SEPTEMBER MAGAZINE

IMG 20201127 081130Dear Friends

The SEPTEMBER edition of the Non-Subsribing Presbyterian Magazine is available.  The Table of Contents appears below. 

If you are interested in subscribing to receive the magazine, please be in contact with Rev. Heather Walker at This email address is being protected from spambots. You need JavaScript enabled to view it.

 
COVER PHOTO: Our Belfast All Souls Church building is situated on Elmwood Avenue – voted 'The Prettiest Street in Belfast’ by the travel website ‘Ireland Before You Die’. They rightfully pointed out tha it is at it’s best in Autumn.
 

Contents

Editorial - 2
Too much space, not enough time – 3
News of the Churches – 5
The Hymns we sang together No 7 -9
Social Services
A selection of virtual worship and inspiration from our Churches’ Social Media sites.
Time for a story with Rev. Sue Steers: Navigation – 16
Children’s Corner – 17
Online Ministry Links and Addresses – 18
 
EDITORIAL - By Rev. Heather Walker

It has been lovely to receive more ‘news from the churches’ as services begin to get underway in many of our churches. Most of the photos attached are also available on the Facebook pages of the denomination or individual congregations, should you wish to see them in colour. There are a great array of masks on display!

As we come into September we also think of schools starting back, and those beginning a new school, or sending a child or grandchild to nursery for the first time. This is always a stressful event, even at the best of times; and this is a particularly nerve-wracking year. Pray for neighbours, friends and family in this situation: for protection, and the peace of God which passes understanding.

We also remember all the events and activities that should have been beginning and are still on hold. Choirs, bowling leagues, prayer groups, parent-and-toddler mornings; things which seem small in the grand scheme of things, yet were central to the social and emotional wellbeing of many. We pray for those feeling lonely and disconnected from their world.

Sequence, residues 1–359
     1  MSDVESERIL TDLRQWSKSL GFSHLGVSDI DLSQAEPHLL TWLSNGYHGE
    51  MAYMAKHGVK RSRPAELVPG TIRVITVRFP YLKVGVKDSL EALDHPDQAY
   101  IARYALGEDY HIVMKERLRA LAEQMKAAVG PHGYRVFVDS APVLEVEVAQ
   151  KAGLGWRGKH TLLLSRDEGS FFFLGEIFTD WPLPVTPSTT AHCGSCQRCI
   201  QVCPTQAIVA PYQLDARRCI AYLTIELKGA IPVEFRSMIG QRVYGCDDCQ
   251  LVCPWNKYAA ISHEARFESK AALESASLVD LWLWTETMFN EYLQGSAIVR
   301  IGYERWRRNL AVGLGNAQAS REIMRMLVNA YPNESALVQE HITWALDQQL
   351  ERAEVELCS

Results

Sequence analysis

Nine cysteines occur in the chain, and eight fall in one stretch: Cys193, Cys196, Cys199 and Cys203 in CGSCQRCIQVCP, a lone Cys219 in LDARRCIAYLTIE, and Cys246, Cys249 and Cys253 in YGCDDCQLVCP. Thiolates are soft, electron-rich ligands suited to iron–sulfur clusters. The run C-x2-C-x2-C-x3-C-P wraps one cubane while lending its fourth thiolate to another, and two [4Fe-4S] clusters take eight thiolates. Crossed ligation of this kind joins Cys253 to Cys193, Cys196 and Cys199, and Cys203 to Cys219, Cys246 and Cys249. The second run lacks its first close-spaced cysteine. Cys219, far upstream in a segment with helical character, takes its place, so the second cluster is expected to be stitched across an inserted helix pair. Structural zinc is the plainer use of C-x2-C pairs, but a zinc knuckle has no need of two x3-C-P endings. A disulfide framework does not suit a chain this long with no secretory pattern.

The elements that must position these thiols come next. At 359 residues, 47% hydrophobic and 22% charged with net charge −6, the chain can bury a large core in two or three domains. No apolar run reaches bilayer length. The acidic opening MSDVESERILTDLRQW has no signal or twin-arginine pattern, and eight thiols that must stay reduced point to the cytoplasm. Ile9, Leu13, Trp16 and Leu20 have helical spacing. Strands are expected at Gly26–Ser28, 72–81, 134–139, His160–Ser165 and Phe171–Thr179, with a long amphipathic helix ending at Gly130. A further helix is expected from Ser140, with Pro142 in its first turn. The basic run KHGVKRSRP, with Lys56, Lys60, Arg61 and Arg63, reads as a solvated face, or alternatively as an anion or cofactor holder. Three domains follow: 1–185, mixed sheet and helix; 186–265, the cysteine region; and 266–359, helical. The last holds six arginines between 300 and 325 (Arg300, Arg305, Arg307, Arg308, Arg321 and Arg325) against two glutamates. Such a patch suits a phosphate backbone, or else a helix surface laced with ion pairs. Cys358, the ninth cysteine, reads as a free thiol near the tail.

It is perhaps a little like the disciples between the ascension and the coming of the Spirit at Pentecost: life seems uncertain, we question our actions and the directions given to us. We struggle to adapt to a new way of doing things - sanitising and donning masks before entering a shop, elbow-bumping instead of shaking hands - we wonder if we are interpreting the instructions given to us by our leader correctly (do we wait in Jerusalem for the Comforter, or do we ‘go into all the world?’). Yet as time passed, they became stronger and more confident, until, with the dynamic strength of the comforter they were finding the balance between public engagement and peer-group ‘bubbling’. They continued to learn and grow, evolve and adapt to new and unforeseen challenges; rooting themselves in their scriptures and their personal knowledge of Jesus’ character and actions. If we can model ourselves on that group of faithful disciples, whose stories stretch across the gospels and Acts, and whose wisdom, experience and vision fills the remaining sections of our New Testament; perhaps we too can negotiate these uncharted waters, acknowledging that we are ‘learning as we go’, but following the Teacher and Comforter of us all.

Yours in Christ,

Heather.